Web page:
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Spirit of Napster lives on as encryption evades searches

A Toronto University-based enterprise claims to be making a mockery of Napster's attempts to remove illegal mp3 files from its server through simple encryption.
Written by Chris Holbrook, Contributor on

A Toronto University-based enterprise claims to be making a mockery of Napster's attempts to remove illegal mp3 files from its server through simple encryption.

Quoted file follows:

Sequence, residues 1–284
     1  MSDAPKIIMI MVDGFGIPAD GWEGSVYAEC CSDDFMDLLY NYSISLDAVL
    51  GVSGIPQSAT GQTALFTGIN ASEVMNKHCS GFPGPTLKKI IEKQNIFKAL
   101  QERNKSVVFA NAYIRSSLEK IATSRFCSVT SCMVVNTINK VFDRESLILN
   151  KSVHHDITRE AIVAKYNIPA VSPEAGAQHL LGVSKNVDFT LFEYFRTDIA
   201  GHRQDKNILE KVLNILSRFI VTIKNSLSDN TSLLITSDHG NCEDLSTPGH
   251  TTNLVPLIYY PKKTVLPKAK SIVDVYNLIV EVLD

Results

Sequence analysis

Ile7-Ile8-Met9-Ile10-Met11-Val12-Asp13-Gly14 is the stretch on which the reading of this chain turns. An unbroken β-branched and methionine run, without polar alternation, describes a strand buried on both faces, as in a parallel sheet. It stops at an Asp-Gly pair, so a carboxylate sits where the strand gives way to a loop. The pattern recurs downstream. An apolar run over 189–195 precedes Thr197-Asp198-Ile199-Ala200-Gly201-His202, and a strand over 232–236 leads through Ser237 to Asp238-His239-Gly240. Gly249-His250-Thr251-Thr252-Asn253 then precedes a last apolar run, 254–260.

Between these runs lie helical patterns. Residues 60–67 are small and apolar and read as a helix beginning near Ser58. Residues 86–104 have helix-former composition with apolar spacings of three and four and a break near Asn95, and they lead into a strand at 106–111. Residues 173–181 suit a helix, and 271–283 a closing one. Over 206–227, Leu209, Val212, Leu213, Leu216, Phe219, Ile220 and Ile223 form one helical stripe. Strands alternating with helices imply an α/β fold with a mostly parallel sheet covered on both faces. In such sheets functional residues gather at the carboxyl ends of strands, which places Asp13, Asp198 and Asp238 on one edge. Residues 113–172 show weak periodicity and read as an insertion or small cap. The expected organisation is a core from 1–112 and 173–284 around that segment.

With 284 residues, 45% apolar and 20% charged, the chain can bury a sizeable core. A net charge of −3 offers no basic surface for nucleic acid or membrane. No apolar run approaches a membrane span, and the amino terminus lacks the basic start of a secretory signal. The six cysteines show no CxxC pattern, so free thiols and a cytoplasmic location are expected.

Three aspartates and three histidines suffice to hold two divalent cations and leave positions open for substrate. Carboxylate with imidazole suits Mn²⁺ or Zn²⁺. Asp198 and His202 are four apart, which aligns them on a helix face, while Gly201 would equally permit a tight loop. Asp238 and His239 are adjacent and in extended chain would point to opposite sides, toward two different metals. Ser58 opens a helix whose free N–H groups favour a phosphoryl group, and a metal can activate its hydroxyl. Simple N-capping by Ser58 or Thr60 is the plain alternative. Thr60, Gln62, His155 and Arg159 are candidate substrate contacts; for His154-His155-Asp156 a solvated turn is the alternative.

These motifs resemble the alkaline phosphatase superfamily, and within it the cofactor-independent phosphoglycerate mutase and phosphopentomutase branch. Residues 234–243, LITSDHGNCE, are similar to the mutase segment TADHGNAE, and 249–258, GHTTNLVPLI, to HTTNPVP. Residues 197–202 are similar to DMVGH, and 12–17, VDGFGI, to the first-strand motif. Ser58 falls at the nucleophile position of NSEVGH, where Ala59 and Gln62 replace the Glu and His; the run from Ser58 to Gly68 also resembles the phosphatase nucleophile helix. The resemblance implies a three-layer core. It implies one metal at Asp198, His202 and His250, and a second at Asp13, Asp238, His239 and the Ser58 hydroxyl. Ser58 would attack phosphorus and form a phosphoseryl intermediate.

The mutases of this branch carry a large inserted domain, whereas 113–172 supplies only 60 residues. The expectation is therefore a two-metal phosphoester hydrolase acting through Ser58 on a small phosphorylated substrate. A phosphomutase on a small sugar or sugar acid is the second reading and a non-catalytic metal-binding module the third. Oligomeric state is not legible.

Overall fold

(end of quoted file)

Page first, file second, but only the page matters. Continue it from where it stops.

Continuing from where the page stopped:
PulseNewMedia has launched NapCameBack.com a web site that takes the names of mp3 files in the Napster directory and renames them, via a downloadable software encoder. By taking the last letter of each file name and moving it to the front - for example, making bad boy rapper Eminem 'mineme'. This means they won't match with titles on the database provided by record companies. Just yesterday, Napster sent federal court documentation stating that it was complying with a preliminary injunction issued last week, requiring the company to block around 135,000 copyrighted works from being traded. Under the injunction, Napster is also responsible for removing file names with minor spelling variations. The deadline for the removal of the first batch of illegitimate songs falls tomorrow. However, Jose Lopez, internet technology analyst at Frost and Sullivan, dismissed the likelihood that Napster will ever clear its server of illegal content. Lopez said: "I have my doubts. Napster can't filter the songs themselves and even though there are vendors out there with filtering solutions, I don't know whether they will be able to cope with the specific demands this case requires." As such, Lopez conceded that total closure of the site may be the only option. Rock group Metallica, Napster's original adversary, moved to have mp3's of their music blocked in May last year though versions were still available today, highlighting the mammoth task the firm has reluctantly agreed to.
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